servorum servi, nunc tibi sunt domini.                                       10
In te nobilium rectorum nemo remansit,
ingenuique tui rura Pelasga colunt.
Truncasti vivos crudeli funere sanctos,
vendere nunc horum mortua membra soles.
Nam nisi te meritum Petri Paullique foveret,                                  15
tempore iam longo Roma misella fores.

My translation:

Once upon a time you had been built up by noble patrons; now, alas, Rome, you are shamefully subjected to your (former) slaves (i.e. the Goths). The emperors who ruled here for such a long time have abandoned you, and your name and title have been ceded to the Greeks. Flourishing Constantinople is called the New Rome, and old Rome is falling, in both the walls and the character (of its people). Political power has moved along, and your haughty attitude has remained with you; the pursuit of avarice is too much your downfall. A rabble drawn from the furthest regions of the earth, the slaves of slaves, are now your masters. None of the old noble leaders has stayed with you, and your native born sons tend Greek lands. You  mained, mutilated and cruelly killed living saints; now you often set up a trade in pieces of their dead bodies. For if you were not keeping alive the memory of the good deeds of Peter and Paul, you would long ago have become a sad little town.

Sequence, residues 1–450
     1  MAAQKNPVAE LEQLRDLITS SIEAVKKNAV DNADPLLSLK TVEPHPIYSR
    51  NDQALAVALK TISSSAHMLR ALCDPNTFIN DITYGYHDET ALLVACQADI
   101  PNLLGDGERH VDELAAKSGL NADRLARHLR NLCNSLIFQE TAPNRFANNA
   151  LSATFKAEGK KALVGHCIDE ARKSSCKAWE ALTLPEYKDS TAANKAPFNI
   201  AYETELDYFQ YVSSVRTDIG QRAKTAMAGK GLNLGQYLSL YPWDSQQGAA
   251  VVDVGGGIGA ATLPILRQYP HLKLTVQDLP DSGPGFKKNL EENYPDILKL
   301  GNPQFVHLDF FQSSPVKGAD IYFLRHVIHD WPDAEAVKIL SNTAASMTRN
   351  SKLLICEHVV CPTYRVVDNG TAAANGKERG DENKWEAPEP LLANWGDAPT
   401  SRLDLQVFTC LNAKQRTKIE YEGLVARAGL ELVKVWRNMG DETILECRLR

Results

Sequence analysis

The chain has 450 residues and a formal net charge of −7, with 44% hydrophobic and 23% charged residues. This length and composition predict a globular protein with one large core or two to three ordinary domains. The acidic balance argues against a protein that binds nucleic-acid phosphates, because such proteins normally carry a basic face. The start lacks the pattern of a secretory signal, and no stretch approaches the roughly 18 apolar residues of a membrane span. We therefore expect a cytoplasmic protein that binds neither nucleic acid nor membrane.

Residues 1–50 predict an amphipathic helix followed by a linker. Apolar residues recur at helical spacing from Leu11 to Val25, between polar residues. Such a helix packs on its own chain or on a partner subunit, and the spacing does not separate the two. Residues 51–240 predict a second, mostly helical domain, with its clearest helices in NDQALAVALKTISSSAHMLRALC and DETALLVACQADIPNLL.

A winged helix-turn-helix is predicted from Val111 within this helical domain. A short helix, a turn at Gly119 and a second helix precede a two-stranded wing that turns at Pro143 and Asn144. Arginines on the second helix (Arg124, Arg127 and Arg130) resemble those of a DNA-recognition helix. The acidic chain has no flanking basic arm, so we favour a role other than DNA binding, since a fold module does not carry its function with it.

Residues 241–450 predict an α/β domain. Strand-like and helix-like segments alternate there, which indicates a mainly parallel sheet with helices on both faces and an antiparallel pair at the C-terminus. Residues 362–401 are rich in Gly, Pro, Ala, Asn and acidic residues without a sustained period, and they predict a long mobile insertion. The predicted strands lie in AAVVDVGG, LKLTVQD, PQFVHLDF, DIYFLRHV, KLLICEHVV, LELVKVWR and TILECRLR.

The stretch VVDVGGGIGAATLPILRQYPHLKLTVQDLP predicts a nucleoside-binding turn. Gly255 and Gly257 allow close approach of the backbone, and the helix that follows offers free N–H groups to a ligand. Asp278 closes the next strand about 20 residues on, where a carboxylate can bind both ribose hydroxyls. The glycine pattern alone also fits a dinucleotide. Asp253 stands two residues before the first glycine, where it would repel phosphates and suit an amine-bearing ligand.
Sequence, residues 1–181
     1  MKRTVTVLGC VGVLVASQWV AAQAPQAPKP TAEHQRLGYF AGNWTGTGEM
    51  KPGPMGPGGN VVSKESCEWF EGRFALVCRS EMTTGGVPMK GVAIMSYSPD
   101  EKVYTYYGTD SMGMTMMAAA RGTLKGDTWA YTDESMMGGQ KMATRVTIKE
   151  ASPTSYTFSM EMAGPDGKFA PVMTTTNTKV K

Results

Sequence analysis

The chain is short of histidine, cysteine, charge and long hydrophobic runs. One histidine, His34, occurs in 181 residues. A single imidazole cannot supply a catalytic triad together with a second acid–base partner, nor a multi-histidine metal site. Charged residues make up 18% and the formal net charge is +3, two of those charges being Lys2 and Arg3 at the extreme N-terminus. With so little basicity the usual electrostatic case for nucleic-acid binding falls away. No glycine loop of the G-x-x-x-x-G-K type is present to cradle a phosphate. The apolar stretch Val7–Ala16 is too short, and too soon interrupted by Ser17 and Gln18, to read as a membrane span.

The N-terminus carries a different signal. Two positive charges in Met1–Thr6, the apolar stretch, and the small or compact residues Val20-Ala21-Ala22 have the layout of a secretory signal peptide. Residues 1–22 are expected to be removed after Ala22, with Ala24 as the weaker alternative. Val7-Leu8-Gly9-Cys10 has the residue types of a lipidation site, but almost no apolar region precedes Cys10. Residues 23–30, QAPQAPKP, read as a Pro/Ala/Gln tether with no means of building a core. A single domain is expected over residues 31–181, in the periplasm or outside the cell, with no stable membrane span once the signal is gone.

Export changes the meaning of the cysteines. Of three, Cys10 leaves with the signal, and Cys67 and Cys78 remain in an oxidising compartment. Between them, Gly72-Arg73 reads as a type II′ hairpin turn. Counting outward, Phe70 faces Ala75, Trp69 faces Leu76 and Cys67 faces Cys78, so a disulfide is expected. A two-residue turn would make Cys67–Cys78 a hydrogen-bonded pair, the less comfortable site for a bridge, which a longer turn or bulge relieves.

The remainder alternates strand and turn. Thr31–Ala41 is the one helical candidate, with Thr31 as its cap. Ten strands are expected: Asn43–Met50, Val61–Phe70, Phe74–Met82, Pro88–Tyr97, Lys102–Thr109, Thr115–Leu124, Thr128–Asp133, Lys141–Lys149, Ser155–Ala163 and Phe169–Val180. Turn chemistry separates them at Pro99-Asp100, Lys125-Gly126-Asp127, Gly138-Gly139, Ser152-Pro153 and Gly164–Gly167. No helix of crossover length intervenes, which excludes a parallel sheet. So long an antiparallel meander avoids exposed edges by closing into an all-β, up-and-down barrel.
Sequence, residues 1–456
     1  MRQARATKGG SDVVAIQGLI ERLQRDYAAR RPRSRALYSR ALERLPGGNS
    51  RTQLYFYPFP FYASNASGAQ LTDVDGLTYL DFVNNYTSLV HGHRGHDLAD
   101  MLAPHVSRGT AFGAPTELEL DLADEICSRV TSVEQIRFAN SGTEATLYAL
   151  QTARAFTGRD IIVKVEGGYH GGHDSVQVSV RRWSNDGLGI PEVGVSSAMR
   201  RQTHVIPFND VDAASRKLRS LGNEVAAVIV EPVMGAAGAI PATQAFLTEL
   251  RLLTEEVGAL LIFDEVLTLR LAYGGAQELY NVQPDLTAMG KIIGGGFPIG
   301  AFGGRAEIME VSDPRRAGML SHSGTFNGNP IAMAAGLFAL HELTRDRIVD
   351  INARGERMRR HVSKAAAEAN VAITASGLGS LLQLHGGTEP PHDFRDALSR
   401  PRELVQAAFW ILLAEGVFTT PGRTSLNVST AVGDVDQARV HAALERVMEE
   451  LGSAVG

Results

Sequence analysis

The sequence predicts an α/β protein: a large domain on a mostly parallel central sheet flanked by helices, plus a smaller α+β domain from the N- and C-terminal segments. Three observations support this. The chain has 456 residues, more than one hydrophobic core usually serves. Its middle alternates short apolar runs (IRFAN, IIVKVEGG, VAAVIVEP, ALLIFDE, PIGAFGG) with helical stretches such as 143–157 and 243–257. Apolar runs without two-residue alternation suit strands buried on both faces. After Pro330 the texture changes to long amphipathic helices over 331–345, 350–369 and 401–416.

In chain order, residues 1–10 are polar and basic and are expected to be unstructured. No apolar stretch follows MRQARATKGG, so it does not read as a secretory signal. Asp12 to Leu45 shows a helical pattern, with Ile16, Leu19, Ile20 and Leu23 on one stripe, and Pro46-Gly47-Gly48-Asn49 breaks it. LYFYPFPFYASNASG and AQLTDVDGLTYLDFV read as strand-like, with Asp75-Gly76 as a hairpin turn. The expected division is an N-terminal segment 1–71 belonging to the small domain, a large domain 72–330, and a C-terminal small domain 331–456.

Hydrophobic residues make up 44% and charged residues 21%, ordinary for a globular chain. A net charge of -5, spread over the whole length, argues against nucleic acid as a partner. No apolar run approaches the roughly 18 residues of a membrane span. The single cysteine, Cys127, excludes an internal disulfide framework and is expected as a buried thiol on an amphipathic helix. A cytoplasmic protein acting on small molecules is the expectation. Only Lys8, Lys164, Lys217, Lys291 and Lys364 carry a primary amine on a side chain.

The Gibbonesque quote about men’s minds being “pusillanimous, gloomy, and spiritless” comes from The Life and Letters of Barthold George Niebuhr, and Selections from his Minor Writings, ed. Susanna Winkworth, 2nd ed., vol. 3 (London: Chapman and Hall, 1852), pp. 282-283, in an essay called “Sketch of the History of the City of Rome,” written in 1823.




June 12th, 2011 by Chris Francese

The Wrath of Iarbas (Vergil, Aeneid 4.196-218)

The Wrath of Iarbas

protinus ad regem cursus detorquet Iarban
incenditque animum dictis atque aggerat iras.

Hic Hammone satus rapta Garamantide nympha
templa Iovi centum latis immania regnis,
centum aras posuit vigilemque sacraverat ignem,               200
excubias diuum aeternas, pecudumque cruore
pingue solum et variis florentia limina sertis.
isque amens animi et rumore accensus amaro
dicitur ante aras media inter numina divum
multa Iovem manibus supplex orasse supinis:               205
‘Iuppiter omnipotens, cui nunc Maurusia pictis
gens epulata toris Lenaeum libat honorem,
aspicis haec? an te, genitor, cum fulmina torques
nequiquam horremus, caecique in nubibus ignes